Bond Order Definition
Bond order is a measurement of the number of electrons involved in bonds between two atoms in a molecule. It is used as an indicator of the stability of a chemical bond.
Most of the time, bond order is equal to the number of bonds between two atoms. Exceptions occur when the molecule contains antibonding orbitals.
Bond order is calculated by the equation:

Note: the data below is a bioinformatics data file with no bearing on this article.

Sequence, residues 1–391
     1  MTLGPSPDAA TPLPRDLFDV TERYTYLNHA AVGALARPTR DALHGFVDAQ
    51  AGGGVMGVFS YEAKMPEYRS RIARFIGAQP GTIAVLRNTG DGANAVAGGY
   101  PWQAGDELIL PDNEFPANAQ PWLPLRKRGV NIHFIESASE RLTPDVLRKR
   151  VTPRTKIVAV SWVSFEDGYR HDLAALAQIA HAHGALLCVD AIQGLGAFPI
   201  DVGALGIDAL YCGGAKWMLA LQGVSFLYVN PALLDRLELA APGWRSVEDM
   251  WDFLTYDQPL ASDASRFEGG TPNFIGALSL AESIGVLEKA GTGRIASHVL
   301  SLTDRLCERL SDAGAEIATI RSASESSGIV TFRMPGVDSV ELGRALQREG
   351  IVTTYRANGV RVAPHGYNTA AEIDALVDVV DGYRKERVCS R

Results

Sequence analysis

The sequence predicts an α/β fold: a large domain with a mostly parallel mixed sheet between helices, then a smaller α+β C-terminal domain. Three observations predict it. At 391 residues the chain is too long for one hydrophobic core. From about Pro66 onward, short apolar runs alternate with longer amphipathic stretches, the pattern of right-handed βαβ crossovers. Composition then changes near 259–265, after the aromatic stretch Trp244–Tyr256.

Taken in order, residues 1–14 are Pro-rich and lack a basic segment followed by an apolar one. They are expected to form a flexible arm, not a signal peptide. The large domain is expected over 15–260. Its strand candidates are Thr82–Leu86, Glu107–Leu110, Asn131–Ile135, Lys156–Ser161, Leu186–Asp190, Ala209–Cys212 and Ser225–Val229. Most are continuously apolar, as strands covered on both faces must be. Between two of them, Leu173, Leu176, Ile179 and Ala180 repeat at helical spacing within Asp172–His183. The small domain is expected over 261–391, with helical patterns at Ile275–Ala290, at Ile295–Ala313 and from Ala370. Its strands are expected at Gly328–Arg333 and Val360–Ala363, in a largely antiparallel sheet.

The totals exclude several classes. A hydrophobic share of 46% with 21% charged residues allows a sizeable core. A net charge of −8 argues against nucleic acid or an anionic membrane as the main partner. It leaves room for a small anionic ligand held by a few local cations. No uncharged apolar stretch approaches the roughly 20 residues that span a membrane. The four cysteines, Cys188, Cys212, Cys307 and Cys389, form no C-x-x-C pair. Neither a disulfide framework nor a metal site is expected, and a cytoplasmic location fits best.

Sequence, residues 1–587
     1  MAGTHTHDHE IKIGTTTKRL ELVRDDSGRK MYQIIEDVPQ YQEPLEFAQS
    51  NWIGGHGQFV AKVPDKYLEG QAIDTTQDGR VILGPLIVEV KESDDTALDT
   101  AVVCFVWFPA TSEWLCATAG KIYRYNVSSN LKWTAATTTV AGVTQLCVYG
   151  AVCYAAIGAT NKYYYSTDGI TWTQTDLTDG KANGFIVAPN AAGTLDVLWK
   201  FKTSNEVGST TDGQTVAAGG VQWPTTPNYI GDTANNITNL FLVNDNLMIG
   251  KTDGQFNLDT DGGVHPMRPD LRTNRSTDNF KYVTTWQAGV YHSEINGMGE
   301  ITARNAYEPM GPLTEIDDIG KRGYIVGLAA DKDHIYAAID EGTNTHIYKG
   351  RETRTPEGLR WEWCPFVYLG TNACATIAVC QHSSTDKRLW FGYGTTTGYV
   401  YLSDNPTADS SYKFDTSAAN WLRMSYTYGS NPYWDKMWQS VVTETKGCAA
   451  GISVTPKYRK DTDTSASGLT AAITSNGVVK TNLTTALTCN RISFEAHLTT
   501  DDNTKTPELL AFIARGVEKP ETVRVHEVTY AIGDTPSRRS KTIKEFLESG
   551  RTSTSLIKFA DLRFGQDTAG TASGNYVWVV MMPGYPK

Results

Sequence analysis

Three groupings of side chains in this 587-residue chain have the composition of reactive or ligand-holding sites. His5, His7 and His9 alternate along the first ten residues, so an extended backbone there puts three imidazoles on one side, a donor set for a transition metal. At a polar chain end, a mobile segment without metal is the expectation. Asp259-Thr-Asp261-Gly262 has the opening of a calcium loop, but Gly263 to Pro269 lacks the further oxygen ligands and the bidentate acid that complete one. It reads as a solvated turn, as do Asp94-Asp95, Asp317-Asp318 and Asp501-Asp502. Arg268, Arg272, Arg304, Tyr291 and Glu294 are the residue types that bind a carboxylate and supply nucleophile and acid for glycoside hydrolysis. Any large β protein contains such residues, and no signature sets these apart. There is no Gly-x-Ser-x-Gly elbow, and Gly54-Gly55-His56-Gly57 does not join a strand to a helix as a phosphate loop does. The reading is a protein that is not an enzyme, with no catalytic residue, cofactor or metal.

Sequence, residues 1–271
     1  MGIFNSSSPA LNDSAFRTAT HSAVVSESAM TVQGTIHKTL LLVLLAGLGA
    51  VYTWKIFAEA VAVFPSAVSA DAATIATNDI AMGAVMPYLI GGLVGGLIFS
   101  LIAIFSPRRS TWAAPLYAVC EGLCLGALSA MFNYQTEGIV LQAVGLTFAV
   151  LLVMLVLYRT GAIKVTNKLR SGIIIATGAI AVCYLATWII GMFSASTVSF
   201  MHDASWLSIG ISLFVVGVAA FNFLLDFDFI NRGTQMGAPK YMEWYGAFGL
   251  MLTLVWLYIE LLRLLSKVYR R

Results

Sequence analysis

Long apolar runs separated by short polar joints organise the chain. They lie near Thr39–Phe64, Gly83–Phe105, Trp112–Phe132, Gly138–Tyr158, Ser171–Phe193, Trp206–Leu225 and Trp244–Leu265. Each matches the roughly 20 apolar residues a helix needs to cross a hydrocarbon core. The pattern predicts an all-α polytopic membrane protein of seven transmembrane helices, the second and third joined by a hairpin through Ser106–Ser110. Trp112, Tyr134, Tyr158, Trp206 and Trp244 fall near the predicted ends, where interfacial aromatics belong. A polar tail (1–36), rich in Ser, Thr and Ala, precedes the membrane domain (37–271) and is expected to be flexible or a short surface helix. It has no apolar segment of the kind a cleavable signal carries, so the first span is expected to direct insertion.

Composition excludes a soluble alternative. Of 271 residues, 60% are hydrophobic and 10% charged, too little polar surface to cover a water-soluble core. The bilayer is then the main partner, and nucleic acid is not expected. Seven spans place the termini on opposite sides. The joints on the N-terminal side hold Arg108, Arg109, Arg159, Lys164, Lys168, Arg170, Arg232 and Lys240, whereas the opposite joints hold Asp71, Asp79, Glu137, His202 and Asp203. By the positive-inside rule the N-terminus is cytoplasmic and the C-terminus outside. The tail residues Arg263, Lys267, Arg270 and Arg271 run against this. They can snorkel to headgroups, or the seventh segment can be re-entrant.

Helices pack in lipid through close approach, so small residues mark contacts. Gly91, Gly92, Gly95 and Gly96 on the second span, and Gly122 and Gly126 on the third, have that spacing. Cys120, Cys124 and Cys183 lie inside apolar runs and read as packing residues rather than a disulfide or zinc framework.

Bond order = (number of bonding electrons - number of antibonding electrons)/2
If bond order = 0, the two atoms are not bonded. While a compound can have a bond order of zero, this value is not possible for elements.
Bond Order Examples
The bond order between the two carbons in acetylene is equal to 3. The bond order between the carbon and hydrogen atoms is equal to 1.